With the induction membrane detachably bound using a wax layer, the present invention overcomes the problems of the prior art in an efficient and cost-effective manner. Through the use of a synthetic compressing agent absorbing material comprising a monolayer plastic formed from synthetic fibers with stable pore dimensions for fluid permeability while retaining dimensional stability for compression, the resulting cap inner seal presents a clean, safe and structurally sound product. As such the synthetic material may be formed with highly fibrillated polyolefin synthetic pulp fiber for uniform dimensional stability for compression with stable pore dimensions for fluid permeability which substantially completely absorbs the wax, and does not create debris that could otherwise contaminate the contents of the container.
BRIEF DESCRIPTION OF THE DRAWINGS
Briefly summarized, the present invention relates to a two-piece induction seal having a synthetic compressing agent absorbing material. The synthetic material comprises a monolayer plastic formed from synthetic fibers with stable pore dimensions for fluid permeability while retaining dimensional stability for compression. An inductive innerseal membrane is provided having a first side and a second side thereof, with an adhesive layer at the first side of the membrane. The second side of the membrane is detachably bound to the synthetic material with a wax layer. The synthetic material is further suitable for absorbing substantially all of said wax layer when said wax layer is in liquid form. Preferably, the synthetic compressing agent absorbing material is a monolayer polymer formed from highly fibrillated polyolefin synthetic pulp fiber having dimensional stability for compression with stable pore dimensions for fluid permeability. The invention further includes containers which have such two-piece induction seals.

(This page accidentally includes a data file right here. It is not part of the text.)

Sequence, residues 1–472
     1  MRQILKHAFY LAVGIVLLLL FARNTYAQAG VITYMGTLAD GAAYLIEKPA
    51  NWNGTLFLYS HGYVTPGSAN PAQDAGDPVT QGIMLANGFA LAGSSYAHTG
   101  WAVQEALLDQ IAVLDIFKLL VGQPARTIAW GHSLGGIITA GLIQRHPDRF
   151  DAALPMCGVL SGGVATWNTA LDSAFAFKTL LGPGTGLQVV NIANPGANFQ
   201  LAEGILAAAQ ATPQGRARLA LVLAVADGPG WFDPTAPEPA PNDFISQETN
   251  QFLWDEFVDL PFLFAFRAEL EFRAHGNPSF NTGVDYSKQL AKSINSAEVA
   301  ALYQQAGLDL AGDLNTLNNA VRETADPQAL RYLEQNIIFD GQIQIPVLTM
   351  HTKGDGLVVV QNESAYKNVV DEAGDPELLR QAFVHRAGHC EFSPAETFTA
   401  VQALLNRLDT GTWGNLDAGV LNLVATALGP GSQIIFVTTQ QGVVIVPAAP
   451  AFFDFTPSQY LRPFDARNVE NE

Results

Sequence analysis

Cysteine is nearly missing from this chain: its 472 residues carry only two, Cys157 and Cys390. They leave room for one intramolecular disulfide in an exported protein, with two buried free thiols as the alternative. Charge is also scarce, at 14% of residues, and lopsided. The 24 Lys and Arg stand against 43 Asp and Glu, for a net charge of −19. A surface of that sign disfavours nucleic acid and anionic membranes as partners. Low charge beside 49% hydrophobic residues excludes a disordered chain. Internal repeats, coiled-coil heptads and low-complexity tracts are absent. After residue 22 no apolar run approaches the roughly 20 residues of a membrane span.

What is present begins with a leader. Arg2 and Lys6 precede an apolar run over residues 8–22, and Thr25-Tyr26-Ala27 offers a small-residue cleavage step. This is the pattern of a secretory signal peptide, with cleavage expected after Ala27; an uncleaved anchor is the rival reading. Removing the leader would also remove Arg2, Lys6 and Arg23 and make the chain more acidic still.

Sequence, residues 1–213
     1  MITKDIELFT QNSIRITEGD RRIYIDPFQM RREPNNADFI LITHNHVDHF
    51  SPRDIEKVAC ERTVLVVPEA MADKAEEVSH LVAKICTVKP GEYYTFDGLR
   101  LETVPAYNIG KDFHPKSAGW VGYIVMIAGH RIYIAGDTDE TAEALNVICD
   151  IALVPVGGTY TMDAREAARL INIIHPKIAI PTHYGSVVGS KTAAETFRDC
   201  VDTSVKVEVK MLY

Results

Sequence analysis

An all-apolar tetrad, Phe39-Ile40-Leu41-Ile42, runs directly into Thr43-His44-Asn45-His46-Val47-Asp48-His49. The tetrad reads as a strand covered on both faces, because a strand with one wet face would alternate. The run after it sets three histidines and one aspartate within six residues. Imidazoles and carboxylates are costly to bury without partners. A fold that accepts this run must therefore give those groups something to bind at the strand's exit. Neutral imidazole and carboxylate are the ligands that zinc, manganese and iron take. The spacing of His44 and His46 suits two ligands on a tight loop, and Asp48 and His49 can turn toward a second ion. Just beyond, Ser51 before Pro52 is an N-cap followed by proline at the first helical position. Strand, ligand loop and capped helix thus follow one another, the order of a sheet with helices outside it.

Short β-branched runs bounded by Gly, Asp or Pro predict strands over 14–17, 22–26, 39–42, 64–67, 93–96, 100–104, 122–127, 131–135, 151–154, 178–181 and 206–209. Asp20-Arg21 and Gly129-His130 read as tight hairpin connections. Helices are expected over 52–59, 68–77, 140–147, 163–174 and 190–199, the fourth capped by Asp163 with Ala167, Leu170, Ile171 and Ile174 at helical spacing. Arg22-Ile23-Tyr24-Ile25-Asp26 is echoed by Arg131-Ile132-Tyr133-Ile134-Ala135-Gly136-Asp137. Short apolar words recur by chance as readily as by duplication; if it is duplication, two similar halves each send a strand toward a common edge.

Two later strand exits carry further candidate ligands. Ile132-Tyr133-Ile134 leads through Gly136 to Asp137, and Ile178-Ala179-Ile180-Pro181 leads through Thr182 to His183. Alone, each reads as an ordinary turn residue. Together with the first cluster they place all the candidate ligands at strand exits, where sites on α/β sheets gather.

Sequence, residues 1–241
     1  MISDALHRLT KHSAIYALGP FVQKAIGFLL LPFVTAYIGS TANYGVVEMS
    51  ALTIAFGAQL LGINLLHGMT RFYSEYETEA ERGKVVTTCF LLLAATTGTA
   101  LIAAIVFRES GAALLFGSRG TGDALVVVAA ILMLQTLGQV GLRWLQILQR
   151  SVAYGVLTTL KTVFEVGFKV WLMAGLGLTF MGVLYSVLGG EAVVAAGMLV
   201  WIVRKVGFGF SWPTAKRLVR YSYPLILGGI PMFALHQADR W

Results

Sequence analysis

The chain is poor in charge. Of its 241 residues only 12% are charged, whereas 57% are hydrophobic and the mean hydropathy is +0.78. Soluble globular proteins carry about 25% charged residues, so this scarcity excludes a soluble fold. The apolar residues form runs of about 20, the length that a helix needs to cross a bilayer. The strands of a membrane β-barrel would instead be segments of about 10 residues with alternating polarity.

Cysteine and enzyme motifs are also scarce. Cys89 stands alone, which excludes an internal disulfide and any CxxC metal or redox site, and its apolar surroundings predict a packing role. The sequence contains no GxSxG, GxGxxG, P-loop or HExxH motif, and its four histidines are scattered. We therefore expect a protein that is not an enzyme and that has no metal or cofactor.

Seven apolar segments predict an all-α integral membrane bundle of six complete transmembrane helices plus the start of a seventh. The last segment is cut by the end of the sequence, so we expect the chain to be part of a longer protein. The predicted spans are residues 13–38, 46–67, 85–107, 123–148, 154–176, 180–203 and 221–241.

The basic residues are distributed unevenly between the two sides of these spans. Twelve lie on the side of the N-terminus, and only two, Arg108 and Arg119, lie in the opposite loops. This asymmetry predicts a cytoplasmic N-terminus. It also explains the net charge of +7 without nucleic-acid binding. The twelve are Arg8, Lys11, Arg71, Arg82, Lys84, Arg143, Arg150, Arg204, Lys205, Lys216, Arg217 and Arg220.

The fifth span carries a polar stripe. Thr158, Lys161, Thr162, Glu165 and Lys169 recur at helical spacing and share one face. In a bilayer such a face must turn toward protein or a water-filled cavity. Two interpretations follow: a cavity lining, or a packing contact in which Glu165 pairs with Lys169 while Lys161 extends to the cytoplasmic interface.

For the purpose of facilitating an understanding of the inventions, the accompanying drawings and description illustrate a preferred embodiment thereof, from which the inventions, structure, construction and operation, and many related advantages may be readily understood and appreciated.